Characters use the following phrase to welcome spirits to inhabit their body: “It’s you, it’s me, it’s us.” This practice also reflects a character’s active choice to love another — to become “one” with them. However, the choice to love does not come without its share of pain. The series asserts that sometimes those who grieve their loved ones wish to be haunted. Rebecca Jessel, for example, is not frightened when Peter visits her as a ghost. His apparition gives her a false sense of normalcy; At least, in some way, they are still together. Similarly, early in the series, the narrator leaves her bedroom door cracked, hoping to catch a glimpse of her deceased lover. It would be an unusually welcome supernatural sighting. Flora says it best: “It’s not a ghost story. It’s a love story.”
4 Hereditary (2018)
Regarded as one of the most frightening films of all time, Ari Aster’s Hereditary focuses on a family forced to confront an evil entity that has been passed down from generation to generation. All the while, they must navigate their grief after suffering two familial deaths. As they attempt to manage the trauma, the spirit seeks its newest host. Tensions rise between Annie Graham and her son Peter as they undergo erratic bouts of dread, panic, and blame.
Because of the actions of the Grahams’ recently deceased matriarch, Grandma Hellen, the family unravels. This closely resembles the real-life effects of unhealed trauma and abuse within family units. When one individual maintains unhealthy or abusive behaviors, their children learn and/or inherit those traits. Hereditary demonstrates that the most insistent and horrifying spirits are those that haunt our homes, undetected and unnamed for far too long.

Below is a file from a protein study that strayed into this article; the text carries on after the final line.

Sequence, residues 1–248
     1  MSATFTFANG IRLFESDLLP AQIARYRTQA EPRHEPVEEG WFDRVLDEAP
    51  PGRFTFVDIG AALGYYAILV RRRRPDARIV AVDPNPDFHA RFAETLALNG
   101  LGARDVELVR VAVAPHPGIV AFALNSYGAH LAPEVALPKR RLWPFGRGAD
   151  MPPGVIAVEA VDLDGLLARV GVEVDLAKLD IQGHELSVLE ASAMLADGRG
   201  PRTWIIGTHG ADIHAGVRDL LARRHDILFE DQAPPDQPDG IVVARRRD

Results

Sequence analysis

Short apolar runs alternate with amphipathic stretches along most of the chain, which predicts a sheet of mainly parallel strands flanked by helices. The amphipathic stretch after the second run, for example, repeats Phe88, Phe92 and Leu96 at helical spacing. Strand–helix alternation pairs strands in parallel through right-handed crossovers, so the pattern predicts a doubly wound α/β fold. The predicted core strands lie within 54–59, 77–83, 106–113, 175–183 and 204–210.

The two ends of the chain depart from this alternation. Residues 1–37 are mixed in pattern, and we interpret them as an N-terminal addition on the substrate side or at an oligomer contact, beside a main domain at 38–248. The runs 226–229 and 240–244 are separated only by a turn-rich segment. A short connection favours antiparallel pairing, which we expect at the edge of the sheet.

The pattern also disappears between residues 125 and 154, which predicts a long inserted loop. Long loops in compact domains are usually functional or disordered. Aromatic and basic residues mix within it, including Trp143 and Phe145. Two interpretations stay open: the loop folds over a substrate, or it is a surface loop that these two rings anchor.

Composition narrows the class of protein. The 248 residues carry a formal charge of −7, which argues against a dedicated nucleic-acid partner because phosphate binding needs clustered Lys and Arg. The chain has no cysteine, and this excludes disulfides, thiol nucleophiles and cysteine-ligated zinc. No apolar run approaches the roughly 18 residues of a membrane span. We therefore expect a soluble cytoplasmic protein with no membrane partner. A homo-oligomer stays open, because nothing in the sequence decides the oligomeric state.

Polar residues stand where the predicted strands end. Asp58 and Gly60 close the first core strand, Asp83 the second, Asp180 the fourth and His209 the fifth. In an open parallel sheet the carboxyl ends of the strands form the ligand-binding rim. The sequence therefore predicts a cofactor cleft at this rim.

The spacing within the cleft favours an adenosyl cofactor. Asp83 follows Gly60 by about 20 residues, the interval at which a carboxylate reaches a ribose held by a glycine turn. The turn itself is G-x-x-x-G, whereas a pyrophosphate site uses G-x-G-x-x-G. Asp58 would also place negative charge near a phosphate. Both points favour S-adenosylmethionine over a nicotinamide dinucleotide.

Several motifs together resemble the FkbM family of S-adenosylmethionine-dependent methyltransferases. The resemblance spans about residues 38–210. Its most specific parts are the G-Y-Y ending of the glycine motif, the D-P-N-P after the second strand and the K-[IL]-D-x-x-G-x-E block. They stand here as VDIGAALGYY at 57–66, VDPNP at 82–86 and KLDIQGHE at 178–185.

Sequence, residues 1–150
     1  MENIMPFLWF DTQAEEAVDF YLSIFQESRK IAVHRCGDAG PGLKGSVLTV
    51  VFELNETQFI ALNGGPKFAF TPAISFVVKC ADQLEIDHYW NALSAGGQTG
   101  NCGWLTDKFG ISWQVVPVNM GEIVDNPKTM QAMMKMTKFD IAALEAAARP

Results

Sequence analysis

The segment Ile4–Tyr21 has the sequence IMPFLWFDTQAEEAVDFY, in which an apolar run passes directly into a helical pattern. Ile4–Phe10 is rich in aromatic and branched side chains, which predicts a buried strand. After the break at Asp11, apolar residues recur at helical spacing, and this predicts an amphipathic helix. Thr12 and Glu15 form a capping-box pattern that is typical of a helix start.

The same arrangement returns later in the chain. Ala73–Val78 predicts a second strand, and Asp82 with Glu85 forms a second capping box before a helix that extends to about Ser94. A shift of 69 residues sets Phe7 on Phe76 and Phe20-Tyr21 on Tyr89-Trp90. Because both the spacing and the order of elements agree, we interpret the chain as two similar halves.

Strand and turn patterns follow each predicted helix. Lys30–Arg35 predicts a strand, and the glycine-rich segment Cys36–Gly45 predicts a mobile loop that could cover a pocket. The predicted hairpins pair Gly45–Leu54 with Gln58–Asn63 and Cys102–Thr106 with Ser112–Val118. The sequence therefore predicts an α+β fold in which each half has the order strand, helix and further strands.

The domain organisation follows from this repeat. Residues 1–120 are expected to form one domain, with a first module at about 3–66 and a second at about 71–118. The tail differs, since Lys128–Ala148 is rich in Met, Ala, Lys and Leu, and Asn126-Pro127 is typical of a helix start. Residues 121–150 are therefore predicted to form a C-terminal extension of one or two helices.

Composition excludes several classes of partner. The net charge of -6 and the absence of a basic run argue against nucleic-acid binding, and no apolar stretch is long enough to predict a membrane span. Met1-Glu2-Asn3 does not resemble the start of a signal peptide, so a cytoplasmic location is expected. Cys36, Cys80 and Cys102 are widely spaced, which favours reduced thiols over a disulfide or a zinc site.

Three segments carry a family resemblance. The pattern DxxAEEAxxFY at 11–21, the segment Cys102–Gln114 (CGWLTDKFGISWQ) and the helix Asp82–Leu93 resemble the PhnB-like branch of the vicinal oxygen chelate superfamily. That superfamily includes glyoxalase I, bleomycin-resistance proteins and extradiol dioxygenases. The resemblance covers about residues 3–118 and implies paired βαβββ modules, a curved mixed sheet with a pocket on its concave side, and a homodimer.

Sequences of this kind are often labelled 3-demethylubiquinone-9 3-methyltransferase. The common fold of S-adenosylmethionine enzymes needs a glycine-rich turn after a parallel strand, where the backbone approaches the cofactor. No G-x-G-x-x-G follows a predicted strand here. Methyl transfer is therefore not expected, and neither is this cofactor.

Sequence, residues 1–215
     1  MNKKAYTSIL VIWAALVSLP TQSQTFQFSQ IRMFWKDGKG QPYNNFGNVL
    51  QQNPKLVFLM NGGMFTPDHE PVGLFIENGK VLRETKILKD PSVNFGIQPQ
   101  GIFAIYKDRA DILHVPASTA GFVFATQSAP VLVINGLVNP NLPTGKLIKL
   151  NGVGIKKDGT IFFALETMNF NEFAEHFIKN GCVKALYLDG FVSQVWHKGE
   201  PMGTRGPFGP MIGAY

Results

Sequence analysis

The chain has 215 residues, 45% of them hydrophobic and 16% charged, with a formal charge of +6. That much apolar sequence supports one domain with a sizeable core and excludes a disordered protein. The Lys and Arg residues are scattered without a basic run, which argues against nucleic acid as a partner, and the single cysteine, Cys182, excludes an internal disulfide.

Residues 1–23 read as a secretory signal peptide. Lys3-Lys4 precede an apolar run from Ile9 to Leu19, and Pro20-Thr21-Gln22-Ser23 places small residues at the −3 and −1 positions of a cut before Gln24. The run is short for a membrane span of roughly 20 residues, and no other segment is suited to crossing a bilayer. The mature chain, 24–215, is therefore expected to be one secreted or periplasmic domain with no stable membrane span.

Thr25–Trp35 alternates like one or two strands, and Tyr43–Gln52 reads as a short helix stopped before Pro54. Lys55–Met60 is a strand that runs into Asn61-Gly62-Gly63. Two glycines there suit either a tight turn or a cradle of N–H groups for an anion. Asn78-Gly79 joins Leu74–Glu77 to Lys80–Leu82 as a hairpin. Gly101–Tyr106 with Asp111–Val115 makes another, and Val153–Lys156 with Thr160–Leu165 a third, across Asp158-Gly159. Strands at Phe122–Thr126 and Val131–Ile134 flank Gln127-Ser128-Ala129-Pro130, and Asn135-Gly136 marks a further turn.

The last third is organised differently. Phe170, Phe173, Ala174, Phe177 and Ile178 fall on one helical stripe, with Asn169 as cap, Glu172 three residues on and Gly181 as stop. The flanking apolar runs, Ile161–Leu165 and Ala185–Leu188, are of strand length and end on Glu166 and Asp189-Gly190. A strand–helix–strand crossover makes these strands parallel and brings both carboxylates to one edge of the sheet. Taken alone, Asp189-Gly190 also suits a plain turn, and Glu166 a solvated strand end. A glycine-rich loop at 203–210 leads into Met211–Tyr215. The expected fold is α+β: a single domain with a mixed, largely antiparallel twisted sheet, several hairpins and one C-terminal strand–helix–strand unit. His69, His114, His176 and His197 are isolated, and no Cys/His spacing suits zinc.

3 Coco (2017)
A great concept utilized for a children’s film. Disney’s Coco is a solid adaptation of an idea. That idea comes from the Mexican celebration of the Day of the Dead, the joyous festivity in which towns gather to celebrate those who have left us for another realm.
In the film, Miguel is a boy who aspires to become a musician. However, he strums the wrong guitar and becomes a ghost. He notices this when the living can’t see him, but the dead people visiting from the Land of the Dead can. Coco is a beautiful film about a culture where ghosts aren’t exactly lurking to scare you. It’s all about meeting together for one day of the year and celebrating life with creepy masks and imagery.
2 La Llorona (2019)
Straight from Guatemala, La Llorona arrived in 2019 to teach us a bit about folklore, politics, and how trauma can be powerful enough to cloud the minds of those who deserve it. The film tells the story of a dictator on trial. He’s being accused of a genocide that took place years ago, but as it usually happens, he doesn’t get convicted. However, real revenge arrives in the form of a ghostly presence which will wreak havoc in the Monteverde household until guilt becomes too heavy.
Mixing history, folklore, and politics, La Llorona is more of a statement that fortunately was loud enough back when it was released, and people raved about it. Do you want to see Smart Horror? Lose a fear of subtitles and check this one out.
1 Personal Shopper (2016)
In Personal Shopper, grief isn’t exactly what you imagine. Maureen (Kristen Stewart in her best role to date) is a personal shopper working for a supermodel in Paris. Maureen spends her days picking out clothes, but also waiting for her brother to communicate from the afterlife. They had a pact, and she intends to find out if Lewis will follow their agreement.
However, Maureen’s reality becomes a disaster. She begins receiving text messages with weird instructions from an unknown person who seems to know a lot about her. We’ll leave it at that. This is a great psychological horror film that fell under the radar for being “too artsy”.